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Wednesday, January 29, 2014

Rabbis' Orders Can't Stop Religious Girls From Serving in Army


The IDF's top adjutants said they aren't interested in fighting with rabbis, but they will do everything else they can to keep raising the growing number of religious girls enlisting in the army.
  
"If they close the door on us, we know how to get in through the window," an official in the Manpower Directorate said Tuesday.
  
Not only is the army deliberately ignoring rabbis' instructions, young religious women are also choosing more and more to act against those guidelines.

According to IDF statistics in 2013, there were 1,616 new religious recruits compared to 1,503 in 2012. The 2013 number is almost double of the 2010 stat, 935 religious girls.

The IDF sources also said that not only are the numbers increasing, but the girls are choosing more difficult and significant posts. More and more are enlisting in the prestigious 8200 field intelligence unit and basic training squad commanders, among other noteworthy positions. 

Military sources said there was a similar trend about 15 years ago when religious-Zionist girls began to enlist into elite combat units.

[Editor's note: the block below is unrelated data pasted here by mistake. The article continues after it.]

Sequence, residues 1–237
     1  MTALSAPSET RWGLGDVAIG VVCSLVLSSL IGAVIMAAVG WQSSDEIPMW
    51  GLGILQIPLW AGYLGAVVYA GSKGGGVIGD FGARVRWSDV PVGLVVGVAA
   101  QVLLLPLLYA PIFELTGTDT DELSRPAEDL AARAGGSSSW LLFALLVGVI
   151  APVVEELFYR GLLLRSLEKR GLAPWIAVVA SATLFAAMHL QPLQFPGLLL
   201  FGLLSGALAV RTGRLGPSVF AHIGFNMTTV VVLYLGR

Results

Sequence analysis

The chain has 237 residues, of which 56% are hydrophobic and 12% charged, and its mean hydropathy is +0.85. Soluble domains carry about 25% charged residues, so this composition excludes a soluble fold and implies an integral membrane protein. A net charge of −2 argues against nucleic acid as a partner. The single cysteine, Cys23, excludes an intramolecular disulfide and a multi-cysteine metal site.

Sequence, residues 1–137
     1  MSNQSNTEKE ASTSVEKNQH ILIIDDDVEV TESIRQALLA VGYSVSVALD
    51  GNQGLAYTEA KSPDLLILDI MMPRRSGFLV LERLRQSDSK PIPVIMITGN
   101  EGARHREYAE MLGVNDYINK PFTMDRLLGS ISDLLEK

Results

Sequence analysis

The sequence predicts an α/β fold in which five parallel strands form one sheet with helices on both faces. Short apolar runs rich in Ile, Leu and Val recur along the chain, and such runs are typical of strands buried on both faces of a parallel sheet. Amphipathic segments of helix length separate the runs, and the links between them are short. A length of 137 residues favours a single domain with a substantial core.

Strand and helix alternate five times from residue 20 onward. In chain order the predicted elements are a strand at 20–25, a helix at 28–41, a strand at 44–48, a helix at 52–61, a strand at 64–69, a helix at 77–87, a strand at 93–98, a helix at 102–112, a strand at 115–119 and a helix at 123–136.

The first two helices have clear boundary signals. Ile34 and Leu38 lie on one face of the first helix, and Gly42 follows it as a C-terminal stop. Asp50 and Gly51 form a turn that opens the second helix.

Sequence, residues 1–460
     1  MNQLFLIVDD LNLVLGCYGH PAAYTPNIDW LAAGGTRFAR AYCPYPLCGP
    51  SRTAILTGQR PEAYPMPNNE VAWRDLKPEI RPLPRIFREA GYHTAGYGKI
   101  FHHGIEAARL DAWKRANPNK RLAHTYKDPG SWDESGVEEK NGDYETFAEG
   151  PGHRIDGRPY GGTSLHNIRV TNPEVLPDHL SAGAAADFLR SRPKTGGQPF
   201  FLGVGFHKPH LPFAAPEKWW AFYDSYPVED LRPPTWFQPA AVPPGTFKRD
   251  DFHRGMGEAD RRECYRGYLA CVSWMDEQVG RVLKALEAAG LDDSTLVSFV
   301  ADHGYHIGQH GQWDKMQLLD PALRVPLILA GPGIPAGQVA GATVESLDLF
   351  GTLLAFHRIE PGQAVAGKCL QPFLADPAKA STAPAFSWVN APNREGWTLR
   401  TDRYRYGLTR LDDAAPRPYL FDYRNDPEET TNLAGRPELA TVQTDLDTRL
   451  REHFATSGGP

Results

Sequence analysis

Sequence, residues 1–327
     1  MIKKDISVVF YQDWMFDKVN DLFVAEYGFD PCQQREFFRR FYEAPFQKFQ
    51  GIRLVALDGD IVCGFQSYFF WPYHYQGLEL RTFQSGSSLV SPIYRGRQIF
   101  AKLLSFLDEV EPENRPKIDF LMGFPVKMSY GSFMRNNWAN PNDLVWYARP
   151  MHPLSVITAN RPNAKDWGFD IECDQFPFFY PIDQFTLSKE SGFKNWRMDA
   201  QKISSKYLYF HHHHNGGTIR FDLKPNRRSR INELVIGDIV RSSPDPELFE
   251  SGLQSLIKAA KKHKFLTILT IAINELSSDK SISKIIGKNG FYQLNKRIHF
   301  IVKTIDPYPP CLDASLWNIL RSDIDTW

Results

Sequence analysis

Religious girls are permitted to decline army service and choose national community service instead. About 40% of girls aged 18 do not enlist in the army, while 36% of them receive their exemption through an affirmation that by being religious the army is not suitable for them.

The military is certain that many of the affirmations are false since all that is required is for the women to sign a form stating that they are religiously observant.

Army Radio (Galatz) reported recently that the Chief Rabbinate Council, led by Rabbis David Lau and Yitzhak Yosef, prohibited the recruitment of girls to the army, in any form, continuing the tradition of previous chief rabbis. As a result, Finance Minister Yair Lapid called to dismiss the chief rabbis.

The statistics show that the religious girls are enlisting from religious Zionistic schools. The connection is usually made in synagogue, or in social get-togethers, from girls that have served or are serving.

"Girls that have left the military see that army service isn't so bad," sources in the IDF said. "They don't become messed-up, they have the best conditions to keep their religion – and our studies show that they are succeeding."

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